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Learn the basic concepts of Reactjs

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What is React?

React is a Javascript library that is used to build user interfaces. It is an open-source, component-based library which is only responsible for the view layer from MVC(Model View Controller).

Reactjs follows the declarative paradigm that means we just describe to it what we are trying to achieve, without instructing how to do it. It lets you compose complex UIs with small and isolated pieces that are called components.

A react application is build using multiple components, each responsible for rendering a small and usable piece of code that is written in HTML usually. Components can be nested within other components that let us allow to build a complex application out of simple building blocks.

What is JSX?

JSX is an XML/HTML -like syntax used by React that extends ECMAScript so that XML/HTML -like text can co-exist with Javascript/Babel. It is not valid Javascript that can be read by broswer. We uses this with ReactJS to describe what is UI should look like,

This is the basic example of JSX below:

const name = 'Pankaj Thakur';
const element = <h1>Hello, {name}</h1>;

ReactDOM.render(
  element,
  document.getElementById('root')
);

The above code is not directly read by the browser for that React uses preprocessors(i.e., transpilers like babel) to transform the JSX syntax to Standard Javascript Object that a Javascript engine will pass.

ReactDOM is a package that provides DOM specific methods that can be used at the top level of the web app to enable the efficient way of managing the DOM elements in the web page.

Component Lifecycle Methods

The component lifecycle details the life of the component. Every component goes through this lifecycle like us we born, do something with our lives and finally, we die. Following are the main stages of the component lifecycle:

  • Mounting
  • Updating
  • Unmounting
render()

It is the most common lifecycle method. Whatever you want to display on the web page you return that from this method. You will see this method in every class-component because this is required.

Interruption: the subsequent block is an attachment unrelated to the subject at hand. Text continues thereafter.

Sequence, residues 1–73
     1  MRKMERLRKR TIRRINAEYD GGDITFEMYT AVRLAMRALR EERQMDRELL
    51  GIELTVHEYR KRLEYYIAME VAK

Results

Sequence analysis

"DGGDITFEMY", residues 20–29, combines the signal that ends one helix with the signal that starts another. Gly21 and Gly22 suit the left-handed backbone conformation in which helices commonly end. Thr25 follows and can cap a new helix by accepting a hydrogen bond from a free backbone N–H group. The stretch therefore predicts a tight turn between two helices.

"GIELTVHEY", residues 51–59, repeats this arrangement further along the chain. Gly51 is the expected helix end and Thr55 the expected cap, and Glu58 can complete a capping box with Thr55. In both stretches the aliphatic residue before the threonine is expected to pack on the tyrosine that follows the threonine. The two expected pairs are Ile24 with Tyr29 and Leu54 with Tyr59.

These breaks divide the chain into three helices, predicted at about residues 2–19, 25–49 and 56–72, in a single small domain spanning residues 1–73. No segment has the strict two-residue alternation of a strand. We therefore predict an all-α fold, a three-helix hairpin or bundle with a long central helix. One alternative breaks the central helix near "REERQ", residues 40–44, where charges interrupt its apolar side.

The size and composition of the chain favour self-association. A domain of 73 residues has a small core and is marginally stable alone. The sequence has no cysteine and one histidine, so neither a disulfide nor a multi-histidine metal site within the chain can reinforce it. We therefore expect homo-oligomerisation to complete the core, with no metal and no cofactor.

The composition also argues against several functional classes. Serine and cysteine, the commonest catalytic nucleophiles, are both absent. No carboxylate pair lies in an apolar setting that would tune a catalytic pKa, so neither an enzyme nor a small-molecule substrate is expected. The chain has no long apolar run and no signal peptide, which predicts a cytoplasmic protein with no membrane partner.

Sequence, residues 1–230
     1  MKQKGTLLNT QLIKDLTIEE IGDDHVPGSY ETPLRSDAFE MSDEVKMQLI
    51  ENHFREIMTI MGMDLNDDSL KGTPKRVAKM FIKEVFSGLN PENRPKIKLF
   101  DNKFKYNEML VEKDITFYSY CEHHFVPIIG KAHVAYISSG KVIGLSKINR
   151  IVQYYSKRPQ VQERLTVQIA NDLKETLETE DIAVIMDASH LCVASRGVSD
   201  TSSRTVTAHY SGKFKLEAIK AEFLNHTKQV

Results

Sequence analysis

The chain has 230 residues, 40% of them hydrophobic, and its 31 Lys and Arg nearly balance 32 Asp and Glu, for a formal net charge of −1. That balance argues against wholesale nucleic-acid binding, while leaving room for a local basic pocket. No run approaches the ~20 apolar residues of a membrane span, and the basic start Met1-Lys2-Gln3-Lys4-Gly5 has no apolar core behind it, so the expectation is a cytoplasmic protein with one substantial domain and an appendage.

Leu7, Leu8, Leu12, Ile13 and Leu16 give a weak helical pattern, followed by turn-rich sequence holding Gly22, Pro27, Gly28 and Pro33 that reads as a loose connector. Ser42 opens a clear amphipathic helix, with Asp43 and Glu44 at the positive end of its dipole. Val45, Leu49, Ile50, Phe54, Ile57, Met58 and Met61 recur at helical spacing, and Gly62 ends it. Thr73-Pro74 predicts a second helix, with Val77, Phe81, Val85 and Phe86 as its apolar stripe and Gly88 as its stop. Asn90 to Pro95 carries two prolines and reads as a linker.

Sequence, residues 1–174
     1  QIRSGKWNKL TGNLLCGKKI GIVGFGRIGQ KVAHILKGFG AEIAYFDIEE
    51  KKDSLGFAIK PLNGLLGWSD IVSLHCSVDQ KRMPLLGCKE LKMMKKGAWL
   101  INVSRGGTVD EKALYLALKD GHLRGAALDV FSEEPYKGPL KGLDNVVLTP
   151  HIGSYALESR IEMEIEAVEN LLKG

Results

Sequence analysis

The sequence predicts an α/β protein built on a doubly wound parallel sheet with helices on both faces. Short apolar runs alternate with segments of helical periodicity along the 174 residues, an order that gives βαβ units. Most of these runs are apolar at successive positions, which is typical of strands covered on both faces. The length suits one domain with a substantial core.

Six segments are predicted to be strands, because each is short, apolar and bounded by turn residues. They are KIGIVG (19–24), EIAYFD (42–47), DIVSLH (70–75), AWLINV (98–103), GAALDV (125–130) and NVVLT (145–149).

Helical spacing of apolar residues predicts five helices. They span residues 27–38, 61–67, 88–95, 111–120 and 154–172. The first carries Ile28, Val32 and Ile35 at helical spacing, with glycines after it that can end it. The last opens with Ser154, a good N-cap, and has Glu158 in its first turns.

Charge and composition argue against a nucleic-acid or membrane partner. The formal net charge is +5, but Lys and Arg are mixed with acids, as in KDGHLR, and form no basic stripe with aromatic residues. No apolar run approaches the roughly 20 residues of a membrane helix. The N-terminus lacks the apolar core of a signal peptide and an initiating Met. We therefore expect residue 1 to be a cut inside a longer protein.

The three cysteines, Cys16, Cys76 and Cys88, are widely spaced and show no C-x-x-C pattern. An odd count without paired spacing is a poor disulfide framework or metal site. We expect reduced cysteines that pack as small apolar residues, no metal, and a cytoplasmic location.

Below is an example of render() method:

class Hello extends React.Component {
  render() {
    return (
      <div>
        <p>Hello, {this.props.name}</p>
      </div>
    )
  }
}

In the above example, render() method is returning JSX which displays the component UI and you can return null from this component if you don’t want to show something. This method runs every time when the state or props gets changed.

The important thing is, you can’t modify the component state from render() method as it runs on every state change and it can go in an infinite loop so avoid this.

componentDidMount()

Since the class-components are classes, in classes the first method runs are constructor, this where you would initialize your component state.

Now the next method comes is render() which returns your JSX. Here React mounts into the DOM and componentDidMount method runs. This is where you fire asynchronous requests for your data or you directly manipulate the DOM if you need.

class FetchPosts extends Component {
  componentDidMount() {
    fetch('https://api.reddit.com/r/javascript')
    .then((res) => {
      if (res.status === 200) {
        return res.json()
      }

      return null
    })
    .then((data) => {
      console.log(data)
    })
  }

  render() {
    return (
      <div>Posts</div>
    )
  }
}

In the above example, it is making a get request for fetching reddit post that is releted to javascript. You can define all your asyncronous request like above.

componentDidUpdate()

This method runs as soon as any update happens in the component. It is useful when you want to do something on the state or prop change. You can call setState() in this method but don’t forget it to embrace inside the condition that checks for the state or props change otherwise it can go in an infinite loop.

Take a look at the example below that shows the usage of this function:

class FetchStackPosts extends Component {
  componentDidUpdate(preProps) {
    if (this.props.stack !== preProps.stack) {
      this.props.fetchPosts(this.props.stack)
    }
  }

  render() {
    return (
      <div>Posts</div>
    )
  }
}

Notice in above example it is comparing the current stack value with previous stack value. This is to check if there has been any change in the stack value, if there is change then only call the fetchPosts() method.

componentWillUnmount()

This method run just before the component gets destroyed. If there is any clean up we need to do before the component destroyed we do inside this method and we can’t modify the state of the component inside this method.

Below example shows the usage of this method:

class ResizePage extends Component {
  componentDidMount() {
    // Subscribing to resize event
    window.addEventListener("resize", this.handleResize);
  }

  componentWilUnmount() {
    // Unsubscribing to resize event
    window.removeEventListner("resize", this.handleResize);
  }
  render() {
    return <div>Hello, World</div>
  }
}

In the above example shows the common usage of the componentWillUnmount() method. After this the component gets removed from the DOM.

What is State and Props?

A React component can access dynamic information in two ways: props and state. Unlike props, the state can’t be passed from outside of the component. To make the component to have a state property, define it inside the constructor method as below: